(1916 – #235(15))


  The World War conveys with it for humanity a profound spiritual crisis, which can be judged about from different sides. The consequences of such an unprecedented war are incalculable and cannot completely be anticipated. There is much a basis to think, that we are entering upon a new historical epoch. And if we cast our glance at the changes in the external aspect, the international, the political and the economic, then the inward and spiritual changes tend to proceed unnoticed. This is always a subliminal process. Our foresight into the future ought to be totally free of the customary optimism or pessimism, free from estimates in accord with the criteria of happiness. It would be shallow-minded to think of life for oneself after such an exhaustive war in any especially cheerful and happy light. One might the sooner consider, that the world is entering upon a period of prolonged woe and that its tempo of developement will be catastrophic. But the values, discovered by man in the worldwide struggle, are not to be defined by any increase or diminishing of happiness.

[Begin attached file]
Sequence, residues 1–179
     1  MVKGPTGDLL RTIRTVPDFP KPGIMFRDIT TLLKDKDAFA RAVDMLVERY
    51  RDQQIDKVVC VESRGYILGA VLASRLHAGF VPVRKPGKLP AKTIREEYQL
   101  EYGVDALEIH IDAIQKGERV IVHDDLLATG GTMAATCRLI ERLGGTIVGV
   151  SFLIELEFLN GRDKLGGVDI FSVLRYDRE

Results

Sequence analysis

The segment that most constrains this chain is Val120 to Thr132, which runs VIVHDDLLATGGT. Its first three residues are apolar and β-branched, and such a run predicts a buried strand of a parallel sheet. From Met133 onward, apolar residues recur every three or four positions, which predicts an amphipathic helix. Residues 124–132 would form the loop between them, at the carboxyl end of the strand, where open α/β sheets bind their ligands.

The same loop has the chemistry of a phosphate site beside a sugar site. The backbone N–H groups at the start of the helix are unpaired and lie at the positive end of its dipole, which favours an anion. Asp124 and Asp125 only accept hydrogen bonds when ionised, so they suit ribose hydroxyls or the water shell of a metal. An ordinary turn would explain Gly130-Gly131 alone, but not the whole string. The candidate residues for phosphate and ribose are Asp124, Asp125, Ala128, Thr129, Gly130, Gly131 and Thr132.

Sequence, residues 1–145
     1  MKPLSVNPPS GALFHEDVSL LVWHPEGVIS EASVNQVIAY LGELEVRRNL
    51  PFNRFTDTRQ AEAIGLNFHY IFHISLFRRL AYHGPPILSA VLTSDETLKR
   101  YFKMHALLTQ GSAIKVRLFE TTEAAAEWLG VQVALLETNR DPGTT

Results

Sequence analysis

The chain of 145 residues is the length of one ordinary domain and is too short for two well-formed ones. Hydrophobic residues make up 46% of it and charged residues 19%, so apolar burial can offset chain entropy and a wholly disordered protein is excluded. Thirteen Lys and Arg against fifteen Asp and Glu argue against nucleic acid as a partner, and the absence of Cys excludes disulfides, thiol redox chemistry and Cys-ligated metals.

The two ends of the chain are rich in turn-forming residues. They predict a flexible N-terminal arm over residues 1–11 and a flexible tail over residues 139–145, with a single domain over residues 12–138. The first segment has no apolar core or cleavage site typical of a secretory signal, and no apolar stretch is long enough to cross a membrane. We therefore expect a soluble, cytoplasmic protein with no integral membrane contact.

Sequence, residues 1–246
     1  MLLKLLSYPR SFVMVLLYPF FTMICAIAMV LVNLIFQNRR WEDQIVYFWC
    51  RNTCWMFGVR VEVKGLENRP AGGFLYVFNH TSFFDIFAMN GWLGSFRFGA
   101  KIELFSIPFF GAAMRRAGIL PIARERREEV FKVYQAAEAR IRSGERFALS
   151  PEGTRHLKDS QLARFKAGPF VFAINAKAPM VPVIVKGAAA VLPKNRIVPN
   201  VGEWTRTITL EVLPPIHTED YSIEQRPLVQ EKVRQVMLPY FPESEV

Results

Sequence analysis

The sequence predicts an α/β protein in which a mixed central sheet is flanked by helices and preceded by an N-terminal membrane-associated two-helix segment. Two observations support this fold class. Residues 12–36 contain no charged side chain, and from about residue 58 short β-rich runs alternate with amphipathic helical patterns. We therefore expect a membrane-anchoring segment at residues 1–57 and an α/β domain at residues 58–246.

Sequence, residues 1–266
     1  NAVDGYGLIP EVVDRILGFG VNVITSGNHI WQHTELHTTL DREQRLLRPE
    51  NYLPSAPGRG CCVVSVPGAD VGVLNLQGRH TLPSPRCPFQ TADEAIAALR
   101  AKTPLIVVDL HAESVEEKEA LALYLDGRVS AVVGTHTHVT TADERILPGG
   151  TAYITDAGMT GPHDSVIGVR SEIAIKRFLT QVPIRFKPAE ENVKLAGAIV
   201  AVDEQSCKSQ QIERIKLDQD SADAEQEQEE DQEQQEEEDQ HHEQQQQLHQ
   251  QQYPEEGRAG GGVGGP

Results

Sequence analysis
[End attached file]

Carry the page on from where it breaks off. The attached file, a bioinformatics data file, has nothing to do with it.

Comparatively much is spoken and written about the economic and political consequences of the war. Less so is there thought about the spiritual consequences, upon its influence on all our world-outlook. It is about one such little foreseen consequence that I want to speak. During the XIX Century the world-sense and the world-consciousness of the progressive elements of mankind had become tinged in a vividly social light. It has been pointed out more than once already, that sociology had replaced theology, that the religious feeling of mankind’s lost faith was redirected to the social. The orientation of life was rendered social predominantly, and to it were subordinated all other values. All values were posited in the social perspective. The human social aspect has been rendered isolated from cosmic life, from the whole of the world, and it has come to feel itself as a closed-in and self-sufficing whole. Man has tended finally to settle down into a closed-in social territory, in it he wanted to be lord, he forgot about all the rest of the world and about other worlds, in which extend not his power and domain. The conquests of man within a delimited and closed-in social territory brought about a weakening of memory, a forgetting of infinity. And perhaps it was necessary for man to experience the period of this isolated world-feeling, in order to intensify and strengthen his social energy. Every sort of limitation reflects pragmatic needs during certain periods of human evolution. But the limitedness of this sociological world-sense cannot be continued for too long. This limitedness has hidden within it the possibility too much of unanticipated catastrophes. The endless ocean of world life plies its waves upon the locked-in and defenseless human social realm, set out upon a not large territory of the earth. The World War is also thuslike a world Great War, ninefold so. It reveals for everyone, even the most blind, that all the social utopias, constructed in the isolation of the social aspect as separate from cosmic life – are all superficial and unenduring. Under the shock of the worldwide war have fallen the utopias of humanism, of pacifism, of international socialism, international anarchism, etc., etc. This finds its explanation not by some theory, but by life itself, that social humanism possessed too limited and too superficial a basis. It has been overlooked, that there exist the deep loins of the earth and the unbounded worldly expanse and starry worlds even. Much of the darkly irrational, always bearing the unexpected, lies within these loins and the unbounded expanse. The human shut-in and limited social mindset with its exclusively sociological world-outlook reminds one of the proverbial ostrich, hiding its head in its feathers. There is too much that is overlooked in the social utopias, always based as they are upon simplifications and artificial isolation. Or similarly, just as with the unenduring and insubstantial aspect of the existence of an oasis – is a community in the spirit of the Tolstoyans or utopian socialism, just as unenduring and insubstantial also is the existence of all the human social-outlook within the complexity and infinitude of cosmic life. Social utopianism is always rooted in this isolation of social-mindset apart from cosmic life and apart from those cosmic powers, which are irrational in regard to the social mindset. This always – is a concealing of complexity through one’s limitedness. Social utopianism is a faith in the possibility of a final and unceasing rationalisation of the social aspect, independent of whether all nature is rationalistic and whether there is some sort of cosmic harmony. Utopianism has no desire to know of any connection of social evil with cosmic evil, it does not see the social as belonging to the whole cycle of the natural order or natural disorder. And such catastrophes, as the World War, cause one to open one’s eyes, thy force a broadening of the horizon. There is discerned the bankruptcy of such rational utopias, as that of eternal peace in this evil natural world, or that of a stateless anarchistic freedom in this world of necessity, or of worldwide social brotherhood and equality in this world of discord and hostility. Oh, certainly the great value of peace, of freedom, of social brotherhood remains immutable. But these values are unattainable in that superficial and limited sphere, in which they are presupposed to be attainable. The attainment of these values presupposes an infinitely great depth and expanse, i.e. the still very complex and prolonged catastrophic process in human life, it presupposes the transition from an exclusively sociological world-sense over to a world-sense which is cosmic.